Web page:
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Camden News - by PAUL KEILTHY
Published: 21 May 2009
Camden Council's air quality monitoring station at Swiss Cottage roundabout records the area's pollution levels
Camden Council’s air quality monitoring station at Swiss Cottage roundabout records the area’s pollution levels
Pollution: ‘We break the law and people know nothing about it’

New plan aims to tackle environmental crisis as health fears grow in borough choking on smog

OUR air is thick with poisons.
Camden’s skies are so rich in two of the atmosphere’s most problematic pollutants that the whole borough is considered an “air quality management area” – the government’s benign term for zones in which pollution is consistently high enough to raise health concerns.
Nitrogen oxides and “particulate matter”, both of which in high doses can damage lung tissue and exacerbate asthma and other respiratory problems, are regularly found at twice the government’s accepted levels in Camden, and pollution on the Euston Road, in Bloomsbury and around Swiss Cottage junction are among the worst in the UK.
Air quality monitoring experts based at King’s and Imperial colleges refer to “episodes” of exceptional air pollution. London’s most recent – a cold weather smog in January – was concentrated at just one monitoring site in the capital, the Swiss Cottage gyratory.
When a site flashes up red on the monitors’ maps, as it did then, the advice from health experts to those with sensitive breathing would be to stay inside.
Gas boilers and road traffic do most of the damage. “Diesel fumes are basically sending us all to an early grave and very few of us know anything about it,” said Camden’s “eco-champion” Councillor Alexis Rowell. “It’s the equivalent of a lifetime of heavy smoking. For our urban children it means their lungs never fully develop.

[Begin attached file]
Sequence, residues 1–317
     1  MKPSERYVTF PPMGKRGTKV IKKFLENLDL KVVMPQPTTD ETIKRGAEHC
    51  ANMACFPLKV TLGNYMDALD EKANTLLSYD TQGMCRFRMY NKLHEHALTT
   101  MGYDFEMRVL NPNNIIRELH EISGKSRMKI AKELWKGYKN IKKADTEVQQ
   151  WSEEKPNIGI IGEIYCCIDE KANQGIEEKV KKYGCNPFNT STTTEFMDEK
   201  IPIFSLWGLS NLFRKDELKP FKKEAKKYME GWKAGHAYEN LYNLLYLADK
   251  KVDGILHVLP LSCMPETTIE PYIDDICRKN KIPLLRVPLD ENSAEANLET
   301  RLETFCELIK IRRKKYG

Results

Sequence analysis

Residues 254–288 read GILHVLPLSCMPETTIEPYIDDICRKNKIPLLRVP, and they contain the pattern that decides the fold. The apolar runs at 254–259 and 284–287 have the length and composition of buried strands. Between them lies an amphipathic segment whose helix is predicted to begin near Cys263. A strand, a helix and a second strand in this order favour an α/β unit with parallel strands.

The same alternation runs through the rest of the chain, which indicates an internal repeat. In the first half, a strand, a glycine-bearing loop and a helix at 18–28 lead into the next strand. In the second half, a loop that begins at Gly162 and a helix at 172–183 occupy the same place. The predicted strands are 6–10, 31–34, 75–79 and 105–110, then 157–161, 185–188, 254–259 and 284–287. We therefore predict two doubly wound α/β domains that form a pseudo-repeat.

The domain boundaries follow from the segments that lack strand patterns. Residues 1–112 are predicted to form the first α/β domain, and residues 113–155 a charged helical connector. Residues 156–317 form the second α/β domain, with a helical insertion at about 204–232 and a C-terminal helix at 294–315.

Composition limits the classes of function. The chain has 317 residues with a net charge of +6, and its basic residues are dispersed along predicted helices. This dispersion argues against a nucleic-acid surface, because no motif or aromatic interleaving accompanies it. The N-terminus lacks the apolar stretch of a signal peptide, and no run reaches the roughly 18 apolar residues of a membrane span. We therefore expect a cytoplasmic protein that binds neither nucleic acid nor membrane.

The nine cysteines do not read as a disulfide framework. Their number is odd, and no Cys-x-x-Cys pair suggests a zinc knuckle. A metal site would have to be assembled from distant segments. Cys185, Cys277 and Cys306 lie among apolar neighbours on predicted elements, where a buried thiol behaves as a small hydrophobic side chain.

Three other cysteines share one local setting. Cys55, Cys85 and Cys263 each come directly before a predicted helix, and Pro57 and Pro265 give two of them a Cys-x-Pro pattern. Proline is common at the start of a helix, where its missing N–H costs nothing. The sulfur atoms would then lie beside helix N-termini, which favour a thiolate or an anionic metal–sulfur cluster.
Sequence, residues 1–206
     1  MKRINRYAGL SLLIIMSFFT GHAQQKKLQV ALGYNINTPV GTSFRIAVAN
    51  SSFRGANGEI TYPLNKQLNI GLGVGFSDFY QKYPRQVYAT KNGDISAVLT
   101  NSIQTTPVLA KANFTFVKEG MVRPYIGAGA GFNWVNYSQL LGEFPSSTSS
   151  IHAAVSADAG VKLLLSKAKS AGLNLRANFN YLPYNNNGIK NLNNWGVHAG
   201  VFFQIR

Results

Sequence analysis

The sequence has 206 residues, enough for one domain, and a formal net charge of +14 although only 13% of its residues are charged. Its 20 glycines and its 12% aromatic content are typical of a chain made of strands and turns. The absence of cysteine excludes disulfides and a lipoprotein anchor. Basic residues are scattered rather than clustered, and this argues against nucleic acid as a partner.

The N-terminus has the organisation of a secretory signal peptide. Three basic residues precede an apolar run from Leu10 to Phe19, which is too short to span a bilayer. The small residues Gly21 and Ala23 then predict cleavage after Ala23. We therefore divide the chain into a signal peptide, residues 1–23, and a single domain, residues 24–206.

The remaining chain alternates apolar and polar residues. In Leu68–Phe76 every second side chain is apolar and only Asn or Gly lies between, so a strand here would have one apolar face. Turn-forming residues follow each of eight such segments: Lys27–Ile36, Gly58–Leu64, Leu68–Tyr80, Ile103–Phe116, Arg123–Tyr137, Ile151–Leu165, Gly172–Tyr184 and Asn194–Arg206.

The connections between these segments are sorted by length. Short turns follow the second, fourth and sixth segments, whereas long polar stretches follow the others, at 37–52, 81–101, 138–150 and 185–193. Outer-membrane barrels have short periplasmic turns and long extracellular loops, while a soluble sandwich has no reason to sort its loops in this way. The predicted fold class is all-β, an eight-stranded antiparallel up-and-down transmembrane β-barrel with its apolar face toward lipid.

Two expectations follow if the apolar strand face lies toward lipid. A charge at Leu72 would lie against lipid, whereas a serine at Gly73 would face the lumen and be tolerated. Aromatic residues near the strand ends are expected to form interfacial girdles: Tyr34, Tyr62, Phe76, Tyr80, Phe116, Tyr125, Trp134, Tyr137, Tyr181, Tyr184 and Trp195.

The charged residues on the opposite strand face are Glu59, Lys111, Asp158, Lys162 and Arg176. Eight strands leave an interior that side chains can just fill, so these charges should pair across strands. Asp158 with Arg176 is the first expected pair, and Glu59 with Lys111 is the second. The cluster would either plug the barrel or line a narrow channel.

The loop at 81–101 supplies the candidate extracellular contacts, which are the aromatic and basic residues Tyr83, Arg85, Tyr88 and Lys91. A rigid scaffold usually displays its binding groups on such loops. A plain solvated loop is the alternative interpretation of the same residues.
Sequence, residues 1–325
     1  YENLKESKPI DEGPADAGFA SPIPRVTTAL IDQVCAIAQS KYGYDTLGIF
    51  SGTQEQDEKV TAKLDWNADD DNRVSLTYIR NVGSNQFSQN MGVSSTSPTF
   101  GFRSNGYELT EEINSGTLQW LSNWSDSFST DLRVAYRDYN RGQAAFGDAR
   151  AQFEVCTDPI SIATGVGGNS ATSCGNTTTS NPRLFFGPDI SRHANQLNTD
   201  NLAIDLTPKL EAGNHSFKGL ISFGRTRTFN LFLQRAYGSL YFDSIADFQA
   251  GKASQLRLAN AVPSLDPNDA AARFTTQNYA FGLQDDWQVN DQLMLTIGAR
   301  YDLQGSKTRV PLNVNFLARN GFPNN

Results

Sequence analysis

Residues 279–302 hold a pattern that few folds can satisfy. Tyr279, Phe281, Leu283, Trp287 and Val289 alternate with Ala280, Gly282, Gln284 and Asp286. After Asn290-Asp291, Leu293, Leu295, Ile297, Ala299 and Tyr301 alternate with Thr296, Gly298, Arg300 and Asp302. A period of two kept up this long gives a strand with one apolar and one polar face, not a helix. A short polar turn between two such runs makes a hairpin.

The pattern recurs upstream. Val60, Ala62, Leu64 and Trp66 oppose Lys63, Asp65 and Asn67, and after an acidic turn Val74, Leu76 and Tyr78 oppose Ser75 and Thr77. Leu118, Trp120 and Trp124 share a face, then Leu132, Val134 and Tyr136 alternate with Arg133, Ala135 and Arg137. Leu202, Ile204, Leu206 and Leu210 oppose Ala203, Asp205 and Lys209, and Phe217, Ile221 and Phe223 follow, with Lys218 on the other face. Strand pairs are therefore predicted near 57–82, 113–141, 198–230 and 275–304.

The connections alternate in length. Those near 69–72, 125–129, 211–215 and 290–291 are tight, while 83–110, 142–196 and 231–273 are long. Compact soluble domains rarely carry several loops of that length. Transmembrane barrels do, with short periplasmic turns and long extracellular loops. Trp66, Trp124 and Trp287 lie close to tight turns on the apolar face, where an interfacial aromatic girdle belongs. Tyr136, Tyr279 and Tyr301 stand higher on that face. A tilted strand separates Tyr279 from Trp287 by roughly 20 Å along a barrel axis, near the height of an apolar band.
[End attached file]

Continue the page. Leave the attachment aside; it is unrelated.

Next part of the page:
“But the latest evidence is that it doesn’t just lead to lung diseases like asthma. Diesel soot particles are so minute that they get into our bloodstream and cause heart diseases.”
Professor Frank Kelly, who holds the chair in Environmental Health at King’s College, was recently brought in to discuss Camden’s air quality.
He said yesterday (Wednesday): “As new information becomes available each year there is a suggestion that exposure to traffic pollution is as dangerous as exposure to cigarette smoke. In that Camden is regularly exceeding the World Health Organisation (WHO) standards and they have to work harder to reduce traffic.”
Many health experts disagree on the severity of the impact. The Health Protection Agency, the UK’s public health watchdog, say that while research is still ongoing, “long-term health effects due to air pollution are likely to be very small when compared to other things that cause ill health such as cigarette smoking, poor housing or unemployment”.
But since 1999, local authorities have been charged with monitoring air quality and striving to meet targets to reduce pollution. Year in, year out, Camden has failed these to reach targets, with the air over Swiss Cottage and King’s Cross stubbornly refusing to drop to anywhere near the standards demanded by European and UK laws.